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International Journal of Wireless & Mobile Networks (IJWMN) Vol. 3, No. 2, April 2011

22%-24% larger than that determined under the Random Waypoint model in conditions of low, moderate and high network density respectively. The MCDS Node Size determined under the Manhattan mobility model is 26%-36%, 31%-34% and 30%-34% larger than that determined under the Random Waypoint model in conditions of low, moderate and high network density respectively. Table 4: Average Node Size per MCDS under Random Waypoint Mobility Model 50 Node Network Node Percent Velocity ORA LORA Increase 2.5 m/s 9.80 10.12 3.27% 12.5 m/s 9.88 10.23 3.52% 25 m/s 9.54 9.94 4.19% 100 Node Network Percent ORA LORA Increase 10.17 10.62 4.47% 9.93 10.24 3.12% 9.81 10.15 3.47% 150 Node Network Percent ORA LORA Increase 10.09 10.65 5.55% 10.41 10.75 3.25% 10.21 10.51 2.93%

Table 5: Average Node Size per MCDS under City Section Mobility Model 50 Node Network Node Percent Velocity ORA LORA Increase 2.5 m/s 11.43 11.78 3.06% 12.5 m/s 11.37 11.79 3.69% 25 m/s 11.15 11.47 2.87% 100 Node Network Percent ORA LORA Increase 12.18 12.62 3.61% 12.18 12.65 3.86% 12.22 12.46 1.96% 150 Node Network Percent ORA LORA Increase 12.58 13.07 3.89% 12.91 13.31 3.09% 12.68 12.91 1.81%

Table 6: Average Node Size per MCDS under Manhattan Mobility Model 50 Node Network Percent ORA LORA Increase 2.5 m/s 12.42 12.89 3.78% 12.5 m/s 12.90 13.42 4.03% 25 m/s 13.01 13.32 2.38% Node Velocity 100 Node Network Percent ORA LORA Increase 13.33 13.61 2.10% 13.34 13.76 3.15% 13.11 13.39 2.14% 150 Node Network Percent ORA LORA Increase 13.53 13.95 3.10% 13.58 13.98 2.94% 13.45 13.73 2.08%

As observed in the case of minimum hop routes, for a given network density, the percentage increase in the MCDS Node Size decreases with increase in node mobility. This can be attributed to the decrease in the MCDS lifetime by factors of 4 to 5 and 8 to 9 with increase in the node velocity from 2.5 m/s to 12.5 m/s and 25 m/s respectively. For a given condition of node mobility and network density, the lifetime per MCDS is only 1/3rd to 1/4th of the lifetime per s-d path determined under similar conditions. Hence, compared to the minimum hop routes, the CDS-Node-List of the sequence of MCDS formed under the LORA strategy fast coincides with that of the sequence of MCDS formed under the ORA strategy.

**6. CONCLUSIONS AND FUTURE WORK
**

Our hypothesis that there would be difference in the hop count of minimum hop routes and the node size of the minimum connected dominating sets (MCDS) discovered under the ORA and LORA strategies has been observed to be true through extensive simulations, the results of which are summarized in Tables 1 through 6. However, the difference is not significantly high and is within 6-12% for minimum hop routes and at most 6% for MCDS, depending mainly on the mobility model employed and the level of node mobility and to a lesser extent on the network density. With respect to absolute values, the Random Waypoint model yields minimum hop routes with the smallest hop count and MCDS with the smallest node size; whereas, the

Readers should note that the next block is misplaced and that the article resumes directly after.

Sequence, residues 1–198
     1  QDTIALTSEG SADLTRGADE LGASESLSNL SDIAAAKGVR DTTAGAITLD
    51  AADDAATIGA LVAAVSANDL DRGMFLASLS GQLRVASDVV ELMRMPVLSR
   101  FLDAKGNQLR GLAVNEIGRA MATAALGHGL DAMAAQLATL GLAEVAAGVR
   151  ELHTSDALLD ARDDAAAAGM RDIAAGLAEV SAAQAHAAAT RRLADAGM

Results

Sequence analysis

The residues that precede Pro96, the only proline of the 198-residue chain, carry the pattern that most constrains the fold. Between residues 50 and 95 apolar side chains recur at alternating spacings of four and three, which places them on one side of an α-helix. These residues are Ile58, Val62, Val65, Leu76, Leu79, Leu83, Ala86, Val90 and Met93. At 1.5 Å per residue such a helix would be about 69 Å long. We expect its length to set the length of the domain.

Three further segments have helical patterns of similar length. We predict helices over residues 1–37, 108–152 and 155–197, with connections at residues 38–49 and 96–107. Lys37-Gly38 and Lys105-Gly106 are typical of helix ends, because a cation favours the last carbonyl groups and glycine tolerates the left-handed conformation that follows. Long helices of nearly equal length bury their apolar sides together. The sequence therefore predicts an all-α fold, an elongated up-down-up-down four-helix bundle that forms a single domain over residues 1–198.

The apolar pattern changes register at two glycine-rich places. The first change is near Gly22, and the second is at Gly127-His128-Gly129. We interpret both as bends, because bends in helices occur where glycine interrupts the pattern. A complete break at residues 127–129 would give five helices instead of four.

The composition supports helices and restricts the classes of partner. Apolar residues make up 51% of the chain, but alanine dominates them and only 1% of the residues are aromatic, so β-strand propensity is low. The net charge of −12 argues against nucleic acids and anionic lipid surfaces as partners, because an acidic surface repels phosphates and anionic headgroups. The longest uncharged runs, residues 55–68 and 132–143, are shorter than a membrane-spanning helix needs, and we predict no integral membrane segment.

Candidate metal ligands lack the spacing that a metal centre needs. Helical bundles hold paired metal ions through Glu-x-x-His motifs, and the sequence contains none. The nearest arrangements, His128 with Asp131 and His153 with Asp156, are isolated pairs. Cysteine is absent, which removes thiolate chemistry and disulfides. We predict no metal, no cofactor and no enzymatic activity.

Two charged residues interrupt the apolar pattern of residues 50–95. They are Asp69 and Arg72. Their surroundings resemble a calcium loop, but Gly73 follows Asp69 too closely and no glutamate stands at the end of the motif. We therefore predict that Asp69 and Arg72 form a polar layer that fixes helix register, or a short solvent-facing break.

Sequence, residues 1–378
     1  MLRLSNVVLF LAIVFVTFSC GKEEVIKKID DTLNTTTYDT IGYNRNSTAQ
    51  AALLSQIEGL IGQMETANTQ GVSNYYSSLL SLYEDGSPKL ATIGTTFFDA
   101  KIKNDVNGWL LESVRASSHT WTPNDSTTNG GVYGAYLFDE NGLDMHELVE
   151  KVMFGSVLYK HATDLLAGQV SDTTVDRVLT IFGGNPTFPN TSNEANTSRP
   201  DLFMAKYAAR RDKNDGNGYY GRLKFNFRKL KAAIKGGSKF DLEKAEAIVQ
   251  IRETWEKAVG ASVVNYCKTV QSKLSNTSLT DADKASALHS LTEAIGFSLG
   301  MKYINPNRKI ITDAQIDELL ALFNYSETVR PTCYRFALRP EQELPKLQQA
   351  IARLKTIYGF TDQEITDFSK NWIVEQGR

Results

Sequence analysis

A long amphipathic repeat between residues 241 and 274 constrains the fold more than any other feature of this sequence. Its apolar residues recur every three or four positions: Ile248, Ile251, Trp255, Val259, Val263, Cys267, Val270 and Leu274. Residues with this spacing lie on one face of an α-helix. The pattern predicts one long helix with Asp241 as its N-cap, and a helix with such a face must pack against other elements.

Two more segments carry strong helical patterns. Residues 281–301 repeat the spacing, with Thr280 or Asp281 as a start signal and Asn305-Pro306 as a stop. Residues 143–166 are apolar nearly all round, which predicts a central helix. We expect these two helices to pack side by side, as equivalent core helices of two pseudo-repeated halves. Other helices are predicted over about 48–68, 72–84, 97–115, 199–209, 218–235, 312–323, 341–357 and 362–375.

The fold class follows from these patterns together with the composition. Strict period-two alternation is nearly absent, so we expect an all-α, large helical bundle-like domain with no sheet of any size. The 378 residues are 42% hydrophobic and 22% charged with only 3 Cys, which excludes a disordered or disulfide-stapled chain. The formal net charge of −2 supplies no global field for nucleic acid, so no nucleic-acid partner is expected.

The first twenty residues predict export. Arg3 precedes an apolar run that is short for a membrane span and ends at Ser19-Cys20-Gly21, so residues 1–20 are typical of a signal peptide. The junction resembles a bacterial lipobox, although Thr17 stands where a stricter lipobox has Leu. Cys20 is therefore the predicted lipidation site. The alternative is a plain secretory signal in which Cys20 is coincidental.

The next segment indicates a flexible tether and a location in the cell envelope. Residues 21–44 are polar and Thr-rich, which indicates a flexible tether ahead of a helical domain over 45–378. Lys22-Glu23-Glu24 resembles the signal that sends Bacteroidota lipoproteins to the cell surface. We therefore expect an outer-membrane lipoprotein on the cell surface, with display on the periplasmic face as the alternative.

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International Journal of Wireless & Mobile Networks (IJWMN) Vol. 3, No. 2, April 2011

Manhattan model yields minimum hop routes with the largest hop count and MCDS with the largest node size. With respect to the increase in the hop count of minimum hop routes due to the use of LORA strategy vis-à-vis the ORA strategy, we observe that the Random Waypoint model incurs the maximum increase and the Manhattan model incurs the smallest increase. The City Section model is ranked in between the two mobility models with regards to the absolute value of the hop count and the relative increase in the hop count with the LORA strategy. In the context of the MCDS, the percentage increase in the number of nodes per MCDS due to the use of LORA vis-à-vis ORA is about the same for all the three mobility models. With regards to the route lifetime, the minimum hop routes determined under the City Section model are relatively more stable (i.e. have larger lifetime) compared to the other two mobility models. Another interesting observation is that for a given network density, the percentage increase in the average hop count per minimum s-d path and the number of nodes per MCDS decreases with increase in node mobility. This can be attributed to the significant decrease in the lifetime of the s-d routes and the MCDS with increase in node mobility. This effect is more predominant in the case of MCDS as the lifetime per MCDS under the LORA strategy is significantly smaller than the lifetime per s-d path. Hence, compared to the minimum hop routes, the CDSNode-List of the sequence of MCDS formed under the LORA strategy fast coincides with that of the sequence of MCDS formed under the ORA strategy. As future work, we will be extending this study and will examine the impact of the ORA vs. LORA strategies and the three mobility models on minimum-hop based multicast routing, minimum-link based multicast Steiner trees, as well as node-disjoint and link-disjoint multi-path routing for MANETs.